Author: 'Text speak' replacing old words
LONDON, Oct. 27 (UPI) -- A British author said a survey carried out to mark the launch of his language book suggests words such as "verily" and "salutations" are falling by the wayside.
J.P. Davison said the survey of 2,000 adults Sept. 19-27, carried out to mark the release of his book, "Planet Word," indicates words including "verily," "rambunctious," "salutations," "betwixt" and "bally" are falling out of style in favor of digitally inspired "text speak" such as "lol" (laughing out loud) and "jel" (jealous).
"Language is something that is constantly evolving," Davison said. ''You only have to look on Twitter to see evidence of the fact that a lot of English words that are used say in Shakespeare's plays or PG Wodehouse novels -- both of them avid inventors of new words -- are so little used that people don't even know what they mean now."
''This could be viewed as regrettable, as there are some great descriptive words that are being lost and these words would make our everyday language much more colorful and fun if we were to use them," he said. ''But it's only natural that with people trying to fit as much information in 140 characters that words are getting shortened and are even becoming redundant as a result."
California man found stuck in tree trunk
LAGUNA HILLS, Calif., Oct. 27 (UPI) -- California police, responding to reports of someone screaming for help, discovered a man stuck inside the hollow trunk of a standing tree.
The man, whose name was not released, had crawled into a hole in the trunk leading to a cavity about 4 or 5 feet underground in Laguna Hills, The Orange County (Calif.) Register reported Tuesday.
Battalion Chief Kris Concepcion of the Orange County Fire Authority said only the man's head and arms were visible and it took 90 minutes to retrieve the equipment necessary to cut him free.
Firefighters were called to the scene to check the man's mental health.
"Why he's in a tree, I have no idea," Concepcion said.
It is unknown how long the man was stuck in the tree, and he was freed without suffering any injuries, the Los Angeles Times reported.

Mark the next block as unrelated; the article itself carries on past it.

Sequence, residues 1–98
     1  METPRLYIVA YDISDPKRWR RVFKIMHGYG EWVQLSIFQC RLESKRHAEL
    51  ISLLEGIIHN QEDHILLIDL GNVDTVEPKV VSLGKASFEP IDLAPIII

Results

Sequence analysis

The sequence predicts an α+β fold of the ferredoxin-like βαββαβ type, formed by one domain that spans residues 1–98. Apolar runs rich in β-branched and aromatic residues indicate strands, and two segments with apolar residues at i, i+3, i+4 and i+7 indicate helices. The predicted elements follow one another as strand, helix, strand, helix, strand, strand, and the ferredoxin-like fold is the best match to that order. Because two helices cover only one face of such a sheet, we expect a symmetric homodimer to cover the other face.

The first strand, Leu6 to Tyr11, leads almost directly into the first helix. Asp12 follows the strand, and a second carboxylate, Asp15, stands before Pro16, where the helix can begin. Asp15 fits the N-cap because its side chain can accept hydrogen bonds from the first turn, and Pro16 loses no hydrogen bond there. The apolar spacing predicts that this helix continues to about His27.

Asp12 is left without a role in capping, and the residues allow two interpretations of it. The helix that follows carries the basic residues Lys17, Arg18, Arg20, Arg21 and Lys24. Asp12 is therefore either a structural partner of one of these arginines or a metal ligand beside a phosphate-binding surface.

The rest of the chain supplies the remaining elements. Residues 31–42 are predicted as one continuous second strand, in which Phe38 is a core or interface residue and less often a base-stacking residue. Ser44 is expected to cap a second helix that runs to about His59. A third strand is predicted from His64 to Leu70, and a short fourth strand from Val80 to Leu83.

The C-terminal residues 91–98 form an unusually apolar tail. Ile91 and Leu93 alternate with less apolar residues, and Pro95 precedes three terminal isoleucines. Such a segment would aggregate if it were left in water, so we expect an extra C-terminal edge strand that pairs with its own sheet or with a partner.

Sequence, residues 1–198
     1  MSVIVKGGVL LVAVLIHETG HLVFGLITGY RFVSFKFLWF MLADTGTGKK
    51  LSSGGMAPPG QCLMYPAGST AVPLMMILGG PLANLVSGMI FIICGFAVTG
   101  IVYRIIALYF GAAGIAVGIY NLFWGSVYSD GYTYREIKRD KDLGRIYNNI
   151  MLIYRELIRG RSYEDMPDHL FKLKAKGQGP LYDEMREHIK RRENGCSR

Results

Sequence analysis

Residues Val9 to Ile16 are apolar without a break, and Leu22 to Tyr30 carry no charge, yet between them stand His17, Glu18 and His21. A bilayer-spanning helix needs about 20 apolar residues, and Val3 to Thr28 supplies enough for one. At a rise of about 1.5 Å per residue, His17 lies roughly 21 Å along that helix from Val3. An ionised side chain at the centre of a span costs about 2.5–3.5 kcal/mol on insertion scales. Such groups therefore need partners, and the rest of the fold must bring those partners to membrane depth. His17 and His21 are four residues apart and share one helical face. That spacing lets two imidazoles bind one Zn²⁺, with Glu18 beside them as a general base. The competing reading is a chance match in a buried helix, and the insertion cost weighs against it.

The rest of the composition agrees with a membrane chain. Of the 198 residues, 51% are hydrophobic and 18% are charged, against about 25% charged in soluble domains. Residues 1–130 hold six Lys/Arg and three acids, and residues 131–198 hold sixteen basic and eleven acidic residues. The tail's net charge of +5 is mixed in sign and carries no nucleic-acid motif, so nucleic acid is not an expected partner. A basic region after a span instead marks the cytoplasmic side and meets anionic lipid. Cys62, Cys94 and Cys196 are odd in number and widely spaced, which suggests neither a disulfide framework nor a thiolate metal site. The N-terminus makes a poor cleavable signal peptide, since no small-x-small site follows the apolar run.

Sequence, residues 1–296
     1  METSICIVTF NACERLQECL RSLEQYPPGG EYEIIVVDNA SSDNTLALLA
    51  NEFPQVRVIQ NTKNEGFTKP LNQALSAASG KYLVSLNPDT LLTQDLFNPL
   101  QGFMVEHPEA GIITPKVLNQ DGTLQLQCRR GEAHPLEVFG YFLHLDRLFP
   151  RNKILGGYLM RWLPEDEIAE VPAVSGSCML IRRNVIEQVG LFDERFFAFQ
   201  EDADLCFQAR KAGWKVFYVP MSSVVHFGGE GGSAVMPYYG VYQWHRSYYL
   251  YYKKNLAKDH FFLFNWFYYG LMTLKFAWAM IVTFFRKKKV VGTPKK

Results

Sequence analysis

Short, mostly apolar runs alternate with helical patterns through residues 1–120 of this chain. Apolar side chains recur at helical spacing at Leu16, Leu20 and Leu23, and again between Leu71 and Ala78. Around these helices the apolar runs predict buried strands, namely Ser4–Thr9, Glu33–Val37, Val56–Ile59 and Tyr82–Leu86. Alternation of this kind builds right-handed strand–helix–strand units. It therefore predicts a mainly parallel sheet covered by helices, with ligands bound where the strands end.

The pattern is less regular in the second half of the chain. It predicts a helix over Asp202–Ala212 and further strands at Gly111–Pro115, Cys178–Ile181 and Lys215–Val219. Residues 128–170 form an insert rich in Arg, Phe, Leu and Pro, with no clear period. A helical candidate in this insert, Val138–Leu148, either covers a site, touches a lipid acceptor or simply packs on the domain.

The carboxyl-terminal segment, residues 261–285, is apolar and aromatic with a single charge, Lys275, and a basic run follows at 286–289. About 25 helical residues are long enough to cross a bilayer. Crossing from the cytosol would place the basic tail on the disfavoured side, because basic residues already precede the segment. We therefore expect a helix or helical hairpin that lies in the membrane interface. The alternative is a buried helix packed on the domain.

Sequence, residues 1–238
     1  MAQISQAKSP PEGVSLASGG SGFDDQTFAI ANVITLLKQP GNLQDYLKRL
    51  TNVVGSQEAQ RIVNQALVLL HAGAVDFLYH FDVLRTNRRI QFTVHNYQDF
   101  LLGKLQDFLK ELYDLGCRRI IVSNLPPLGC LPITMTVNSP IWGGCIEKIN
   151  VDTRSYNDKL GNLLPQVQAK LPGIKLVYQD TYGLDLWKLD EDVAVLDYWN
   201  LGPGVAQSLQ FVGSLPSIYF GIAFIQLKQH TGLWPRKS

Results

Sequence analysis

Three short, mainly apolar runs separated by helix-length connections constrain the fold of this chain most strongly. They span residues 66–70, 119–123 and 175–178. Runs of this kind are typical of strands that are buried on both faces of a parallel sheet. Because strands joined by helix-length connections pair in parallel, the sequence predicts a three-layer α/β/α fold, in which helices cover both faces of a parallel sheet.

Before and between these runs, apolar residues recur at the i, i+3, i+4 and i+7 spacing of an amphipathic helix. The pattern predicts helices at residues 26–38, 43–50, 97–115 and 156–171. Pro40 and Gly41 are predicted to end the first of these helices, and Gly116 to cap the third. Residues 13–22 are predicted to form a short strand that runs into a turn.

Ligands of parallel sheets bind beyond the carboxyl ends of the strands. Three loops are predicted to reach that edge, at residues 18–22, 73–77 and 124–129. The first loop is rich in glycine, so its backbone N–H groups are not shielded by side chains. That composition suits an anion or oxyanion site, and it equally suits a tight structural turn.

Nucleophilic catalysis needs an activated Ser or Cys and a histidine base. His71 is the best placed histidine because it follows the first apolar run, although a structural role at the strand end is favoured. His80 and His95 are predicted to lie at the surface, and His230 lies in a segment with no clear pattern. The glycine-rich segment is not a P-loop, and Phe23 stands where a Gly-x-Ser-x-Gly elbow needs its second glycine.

Snake found in Toronto apartment's toilet
TORONTO, Oct. 27 (UPI) -- An apartment-dweller in Toronto says he found a 3-foot-long python coiled up inside his toilet bowl.
Ramdat Punwassie told the Canadian Broadcasting Corp. he called authorities after discovering the snake about 10 p.m. Tuesday.
"I didn't want to take chances," the native of Guyana said Wednesday. "I close the door and call for help. I see [snakes] in my country. This is the first time I see it here."
Two Toronto police officers removed the python, which had slithered into Punwassie's bathtub, and turned it over to the city's animal services department.
It was the officers' second snake call of the day. Hours earlier, they had removed a 3-foot corn snake that had crawled out of a wall in an apartment in another building in the neighborhood.
Neither snake is venomous. They will be turned over to a reptile zoo if the owners can't be located, police said.
"Like finding a stray dog, now we're finding stray snakes," Staff Sgt. Leslie Hildred said.
Missing dog found 600 miles away
ERIN, Tenn., Oct. 27 (UPI) -- The Tennessee owners of a dog that went missing in July said they were overjoyed and baffled when he turned up 600 miles away in Michigan.
Tyanne Morrison, 54, said her stepfather, Jim Arrighi, 73, had been searching for Petey the Jack Russell terrier since the dog disappeared from his Erin, Tenn., yard July 28 and he was delighted when a Michigan Humane Society volunteer called to say the dog had been found in Rochester Hills and traced back to him with an implanted microchip, the Detroit Free Press reported Wednesday.
"He's tickled to death," Morrison said. "We've hunted and hunted everywhere. He's had pictures put in the paper. We put posters up everywhere. We rode around on four wheelers in the area, so we knew he wasn't hit by a car."
No one knows how Petey made the 600-mile journey, but Morrison said Arrighi believes his wife, Juanita, 77, who died Oct. 12, helped guide Petey to the Humane Society.
"That's what he thinks -- he truly thinks that," Morrison said. "A lot of people think that. They think she was looking over him."
Humane Society volunteer Nancy Greiser agreed to drive Petey home.
"This story put a smile on the faces of our entire adoption center team," said Marcelena Mace, shelter manager at the MHS Rochester Hills Center for Animal Care. "It's wonderful when we see microchip reunions, including those that seem like miracles. It really proves that no matter how far your pet may travel, a microchip can help him find his way home!"